Boeing's 737 Max has been grounded since March 2019 following two catastrophic crashes. It is now set to fly again, after US aviation regulators cleared it following a safety review.
Grounded Boeing 737 MAX set to fly again
US aviation safety regulators cleared the Boeing 737 Max to fly again on Wednesday, one year and eight months after it was banned from flying.
The Federal Avation Administration — and regulators around the world — grounded the model in March 2019 following two fatal crashes.
In October 2018, Lion Air Flight 610 crashed into the Java Sea shortly after take-off, killing 189 people. Five months later, Ethiopian Airlines Flight 302 crashed on its way to Nairobi, killing 157 people. Investigations into both crashes pointed to issues with Boeing's new anti-stalling MCAS system, which tried to counter the new heavy engines' tendency to push the nose up.
The MCAS system relied on a single sensor, and pilots struggled to rectify problems with the system when they arose.
During congressional hearings, Boeing was accused of rushing the design of the plane while placing profits before safety. The FAA was criticized for a lack of oversight, leading to the approval of a flawed aircraft.
Following a "comprehensive and methodical" 20-month investigation, the FAA announced on Wednesday that the plane — a re-engined upgrade of a 1960s model — was fit to fly again.
However, the FAA must still approve pilot training changes for each US airline, and airlines must perform required maintenance on the planes before they can return to the sky.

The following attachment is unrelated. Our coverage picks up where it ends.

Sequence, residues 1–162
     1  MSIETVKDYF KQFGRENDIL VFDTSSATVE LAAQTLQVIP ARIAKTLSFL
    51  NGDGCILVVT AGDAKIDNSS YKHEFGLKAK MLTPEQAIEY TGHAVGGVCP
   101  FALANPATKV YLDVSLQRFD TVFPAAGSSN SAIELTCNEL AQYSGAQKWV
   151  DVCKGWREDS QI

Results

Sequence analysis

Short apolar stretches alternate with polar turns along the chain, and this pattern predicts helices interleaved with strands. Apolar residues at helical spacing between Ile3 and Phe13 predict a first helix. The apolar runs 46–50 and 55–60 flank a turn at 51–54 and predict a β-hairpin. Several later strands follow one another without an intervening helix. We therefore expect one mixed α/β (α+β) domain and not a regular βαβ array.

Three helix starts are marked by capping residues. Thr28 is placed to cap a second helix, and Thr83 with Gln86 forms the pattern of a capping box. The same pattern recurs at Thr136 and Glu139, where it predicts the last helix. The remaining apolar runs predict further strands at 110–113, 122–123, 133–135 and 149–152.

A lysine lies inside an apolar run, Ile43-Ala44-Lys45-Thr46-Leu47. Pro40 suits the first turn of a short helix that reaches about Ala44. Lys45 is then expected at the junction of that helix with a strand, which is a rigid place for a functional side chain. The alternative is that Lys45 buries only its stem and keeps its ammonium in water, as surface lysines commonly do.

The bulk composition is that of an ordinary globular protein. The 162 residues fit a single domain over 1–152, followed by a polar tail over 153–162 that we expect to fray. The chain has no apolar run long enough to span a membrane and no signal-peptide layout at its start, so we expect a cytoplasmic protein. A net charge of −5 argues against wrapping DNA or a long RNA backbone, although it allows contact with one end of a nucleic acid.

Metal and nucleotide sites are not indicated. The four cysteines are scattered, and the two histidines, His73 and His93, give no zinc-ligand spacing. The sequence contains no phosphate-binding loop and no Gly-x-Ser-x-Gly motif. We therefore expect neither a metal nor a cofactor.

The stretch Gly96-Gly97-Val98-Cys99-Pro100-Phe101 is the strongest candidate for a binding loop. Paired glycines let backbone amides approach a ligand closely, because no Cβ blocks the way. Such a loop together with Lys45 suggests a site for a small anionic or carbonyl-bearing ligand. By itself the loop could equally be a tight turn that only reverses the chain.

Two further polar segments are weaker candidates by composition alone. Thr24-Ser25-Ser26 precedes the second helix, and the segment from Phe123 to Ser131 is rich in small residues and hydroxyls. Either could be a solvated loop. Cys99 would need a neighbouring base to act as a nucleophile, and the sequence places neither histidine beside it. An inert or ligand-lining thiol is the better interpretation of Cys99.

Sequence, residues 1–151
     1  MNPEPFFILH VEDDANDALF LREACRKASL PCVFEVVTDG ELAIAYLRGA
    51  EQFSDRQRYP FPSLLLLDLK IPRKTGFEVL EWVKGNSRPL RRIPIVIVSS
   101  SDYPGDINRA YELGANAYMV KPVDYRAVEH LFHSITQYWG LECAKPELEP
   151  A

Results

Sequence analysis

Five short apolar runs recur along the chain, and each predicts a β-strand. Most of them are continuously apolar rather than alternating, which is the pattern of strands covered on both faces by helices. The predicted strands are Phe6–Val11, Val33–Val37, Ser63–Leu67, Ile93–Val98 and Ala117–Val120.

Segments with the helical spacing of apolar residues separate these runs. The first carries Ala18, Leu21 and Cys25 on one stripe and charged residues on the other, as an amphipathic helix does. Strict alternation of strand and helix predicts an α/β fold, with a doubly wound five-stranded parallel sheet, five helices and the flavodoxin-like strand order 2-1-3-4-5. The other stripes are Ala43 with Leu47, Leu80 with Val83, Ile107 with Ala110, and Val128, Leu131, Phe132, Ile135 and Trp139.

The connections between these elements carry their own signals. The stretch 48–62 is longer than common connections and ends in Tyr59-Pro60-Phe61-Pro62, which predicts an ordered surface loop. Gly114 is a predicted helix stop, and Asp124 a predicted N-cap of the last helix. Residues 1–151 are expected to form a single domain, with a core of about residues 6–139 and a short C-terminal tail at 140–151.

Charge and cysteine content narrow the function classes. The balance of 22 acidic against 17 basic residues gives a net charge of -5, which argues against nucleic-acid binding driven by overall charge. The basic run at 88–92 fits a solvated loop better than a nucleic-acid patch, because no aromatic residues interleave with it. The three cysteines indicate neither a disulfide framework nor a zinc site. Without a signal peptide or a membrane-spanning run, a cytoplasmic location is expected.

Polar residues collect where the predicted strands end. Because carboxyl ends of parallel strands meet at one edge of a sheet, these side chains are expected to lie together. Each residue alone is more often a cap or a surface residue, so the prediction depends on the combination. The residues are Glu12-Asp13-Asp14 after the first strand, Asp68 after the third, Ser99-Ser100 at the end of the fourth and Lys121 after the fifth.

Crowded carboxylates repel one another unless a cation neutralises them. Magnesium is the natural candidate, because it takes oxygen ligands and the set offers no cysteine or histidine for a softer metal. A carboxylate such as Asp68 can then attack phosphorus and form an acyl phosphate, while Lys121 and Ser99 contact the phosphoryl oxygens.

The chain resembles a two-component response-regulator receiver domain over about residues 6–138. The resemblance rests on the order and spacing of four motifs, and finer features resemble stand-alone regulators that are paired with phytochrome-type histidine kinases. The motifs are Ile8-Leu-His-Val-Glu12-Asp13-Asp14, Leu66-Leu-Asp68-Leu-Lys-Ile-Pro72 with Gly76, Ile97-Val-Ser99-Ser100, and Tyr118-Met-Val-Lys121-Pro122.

The FAA said the approval was made in cooperation with air safety regulators worldwide.
"Those regulators have indicated that Boeing's design changes, together with the changes to crew procedures and training enhancements, will give them the confidence to validate the aircraft as safe to fly in their respective countries and regions," the FAA said in a statement.
The FAA compelled Boeing to change the MCAS software, so it no longer repeatedly points the nose of the plane down and does not override the pilot's controls. Boeing must also install new display systems for pilots and change how wires are routed to a tail stabilizer bar.
Families of Indonesian Lion Air crash victims seek closure
The approval is a relief for Boeing, which has lost $20 billion (€17 billion) due to the saga, but it comes amid a massive, unrelated downturn in the aviation industry, caused by COVID-19 travel curbs.
Nearly 400 Max jets were in service worldwide when they were grounded, and Boeing also has a supply of 450 sitting idle. However, all of them will have to undergo maintenance and modifications before flying again, while pilots would also need to undergo simulator training.
Boeing said on Wednesday that the approval was an "important milestone."
"We will never forget the lives lost in the two tragic accidents that led to the decision to suspend operations," Boeing Chief Executive David Calhoun said in a statement. "These events and the lessons we have learned as a result have reshaped our company and further focused our attention on our core values of safety, quality and integrity."